5 Tips for Screenwriters Who Don’t Live in L.A.

Not everyone has the means to make it in La La Land.

Although the industry doesn’t play nice with remote screenwriters, it’s still possible to get your big break if you don’t live in L.A.

Tip #1 – Take Extra Courses

YouTube tutorials can only get you so far. If you haven’t graduated from a film or writing program at an accredited institution, taking extra courses will help improve your work.

It can even get you attention from agents. Aline Brosh McKenna, who wrote the screenplay for The Devil Wears Prada, did just that.

After having a rough go in New York’s cutthroat editorial world, McKenna enrolled in a short screenwriting course at NYU. Around 2011, she sold a pitch to Disney for a reported seven-figure deal.

The New York Film Academy offers fantastic online courses as well as short, 15-week workshops.

Tip #2 – Intern

These days, it takes more than a degree to land a job or earn recognition. You have to intern like David O. Russell did.

Before the screenplay accolades for work such as Silver Linings Playbook – and before the sexual misconduct –  Russell was no more than a literature and poly-sci major from Amherst College.

He wrote and shot documentary footage of poor working conditions which landed him an internship with PBS. Afterward, he wrote a short, Bingo Inferno, which was accepted into Sundance in 1987.

If you’re looking for a good starting point for entertainment-related internships, check out EntertainmentCareers.net.

Tip #3 – Blog

Social media is the world’s hub. If you know how to attract an audience, you’ll be an overnight sensation. Diablo Cody took the internet by storm when she quit her day job to become a stripper – and blogged about it.

Even with the millions of blogs on the internet, she garnered a big enough following to attract an agent. Cody went on to write and publish a memoir before creating the indie mega-hit, Juno.

WordPress is a great way to build a blog. Learn how to use it, and you could add WordPress Skills to your resume.

Tip #4 – Pay the Bills & Send Out Queries

Let’s face it: a new writer pumping out screenplays is not going to keep a roof over their head. In this case, it’s time to get a job.

Karen McCullah Lutz started her journey living in Denver as a marketer. She dealt with bad agents and constant query letters. Eventually, one of her queries caught the eye of Kirsten Smith.

The duo went on to co-write 10 Things I Hate About You.

Any job will do, but Indeed and EntertainmentCareers are two starting points.

Also, Screencraft has an excellent article on writing query letters.

Tip #5 – Network

This is the most important tip to any writer whether they do or don’t live in L.A. As an unknown, chances are, no one is going to read your script. You may get lucky if your grammar and story-telling skills are the best in the universe, but otherwise, no.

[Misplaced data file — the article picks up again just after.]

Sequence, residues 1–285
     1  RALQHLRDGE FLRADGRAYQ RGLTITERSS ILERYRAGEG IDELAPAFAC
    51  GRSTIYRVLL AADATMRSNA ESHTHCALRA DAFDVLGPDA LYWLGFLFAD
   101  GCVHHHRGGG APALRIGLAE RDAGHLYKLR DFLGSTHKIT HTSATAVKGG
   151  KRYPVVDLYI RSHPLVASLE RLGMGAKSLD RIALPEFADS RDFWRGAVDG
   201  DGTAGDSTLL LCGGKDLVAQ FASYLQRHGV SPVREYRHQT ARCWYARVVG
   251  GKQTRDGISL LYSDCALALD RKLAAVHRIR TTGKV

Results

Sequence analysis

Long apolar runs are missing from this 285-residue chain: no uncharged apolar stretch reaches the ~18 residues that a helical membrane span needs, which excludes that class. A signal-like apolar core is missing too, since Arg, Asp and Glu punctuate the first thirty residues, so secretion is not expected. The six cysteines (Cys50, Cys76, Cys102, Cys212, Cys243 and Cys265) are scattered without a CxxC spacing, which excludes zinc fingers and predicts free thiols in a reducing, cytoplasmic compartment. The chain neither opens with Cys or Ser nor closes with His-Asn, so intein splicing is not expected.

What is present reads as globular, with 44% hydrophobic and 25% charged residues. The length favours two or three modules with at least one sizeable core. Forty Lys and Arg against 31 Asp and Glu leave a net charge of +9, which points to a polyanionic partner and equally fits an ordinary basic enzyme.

Imagine a scenario in which you meet a girl at a bar. You start talking and she tells you about this remote gig she’s had for a while. She reads scripts and provides coverage for a fairly large company in L.A.

What if you tell her that you’re a writer and you’ve been sending out scripts. If this girl likes you, she might just inform you to submit to her company. She’ll be looking for your name and ensure it gets attention from her superiors.

If you’re unsure how to start networking, try Meetup. It’s a wonderful resource to help you locate or create meetups for people in your field – or those with similar interests.

If You Don’t Live in L.A., Share Your Experience

Are you a screenwriter who’s had success outside of L.A.? If so, please share your story.

Remember, there is no guaranteed success in the entertainment industry. What works for some may not work for others. The only way you’re going to make it is to actually get out there and do something.

Author: Christopher Fain

Author, blogger, content writer, and screenwriter based in Orlando, Florida. He is earning a B.F.A. in Creative Writing at Full Sail University. Twitter: @chrisjf93

Leave a Reply

Fill in your details below or click an icon to log in:

WordPress.com Logo

You are commenting using your WordPress.com account. Log Out /  Change )

Google+ photo

You are commenting using your Google+ account. Log Out /  Change )

Twitter picture

You are commenting using your Twitter account. Log Out /  Change )

Facebook photo

You are commenting using your Facebook account. Log Out /  Change )

Connecting to %s